In an all-flash configuration, Virtual SAN supports a maximum write buffer cache size of 600 GB for each disk group.

For information about other maximum configuration limits for Virtual SAN 6.1 release, see the Configuration Maximums documentation.

Known Issues

  • Attempts to configure all-flash disk group on witness host for stretched cluster fail
    When you attempt to add a witness host with an all-flash disk group to a stretched cluster, the task fails and no disk group is added to the host.

    Workaround: After configuring the stretched cluster, manually add the disk group to the witness host.

    1. In the Virtual SAN cluster, click Manage > Settings > Disk Management, and select the witness host.

    2. Click the Create a new disk group icon, and select Flash as the Capacity type.

    3. Click OK.
  • When a network partition occurs in a cluster which has an HA heartbeat datastore, VMs are not restarted on the other data site
    When the preferred or secondary site in a Virtual SAN cluster loses its network connection to the other sites, VMs running on the site that loses network connectivity are not restarted on the other data site, and the following error might appear: vSphere HA virtual machine HA failover failed.

    This is expected behavior for Virtual SAN clusters.

    Workaround: Do not select HA heartbeat datastore while configuring vSphere HA on the cluster.

  • Unmounted Virtual SAN disks and disk groups displayed as mounted in the vSphere Web Client Operational Status field
    After the Virtual SAN disks or disk groups are unmounted by either running the esxcli vsan storage disk group unmount command or by the Virtual SAN Device Monitor service when disks show persistently high latencies, the vSphere Web Client incorrectly displays the Operational Status field as mounted.

    Workaround: Use the Health field to verify disk status, instead of the Operational Status field.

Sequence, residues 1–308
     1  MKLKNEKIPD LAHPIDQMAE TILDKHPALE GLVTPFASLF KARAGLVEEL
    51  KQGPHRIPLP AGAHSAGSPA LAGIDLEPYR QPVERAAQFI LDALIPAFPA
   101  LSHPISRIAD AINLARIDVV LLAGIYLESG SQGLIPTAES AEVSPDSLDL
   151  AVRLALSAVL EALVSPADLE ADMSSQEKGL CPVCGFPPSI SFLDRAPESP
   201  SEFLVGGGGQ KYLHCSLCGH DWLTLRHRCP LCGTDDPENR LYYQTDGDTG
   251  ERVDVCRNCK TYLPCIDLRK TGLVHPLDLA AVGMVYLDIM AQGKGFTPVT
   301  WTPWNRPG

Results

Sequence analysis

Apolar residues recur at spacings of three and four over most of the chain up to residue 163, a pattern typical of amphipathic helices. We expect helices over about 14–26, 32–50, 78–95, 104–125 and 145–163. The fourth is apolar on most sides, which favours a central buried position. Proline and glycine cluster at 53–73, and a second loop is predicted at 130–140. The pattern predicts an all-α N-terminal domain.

• On-disk format upgrade displays disks not on Virtual SAN
    When you upgrade the disk format, Virtual SAN might incorrectly display disks that have been removed from the cluster. The UI also might show the version status as mixed. This display issue usually occurs after one or multiple disks are manually unmounted from the cluster. It does not affect the upgrade process. Only the mounted disks are checked. The unmounted disks are ignored.
  • Workaround: None

  • Adding a host to a Virtual SAN cluster triggers an installer error
    When you add an ESXi host to a cluster on which HA and Virtual SAN health service enabled, you might encounter either one or both of the following errors due to a VIB installation race condition:

    • In the task view, the Configuring vSphere HA task might fail with an error message similar to the following: Cannot install the vCenter Server agent service. Unknown installer error

    • The Enable agent task might fail with an error message similar to the following: Cannot complete the operation, see event log for details

    Workaround: To resolve the HA configuration failure, reboot the host and reconfigure HA.

    • Go to the Hosts and Cluster view, and select the cluster. Click Manage > vSphere HA.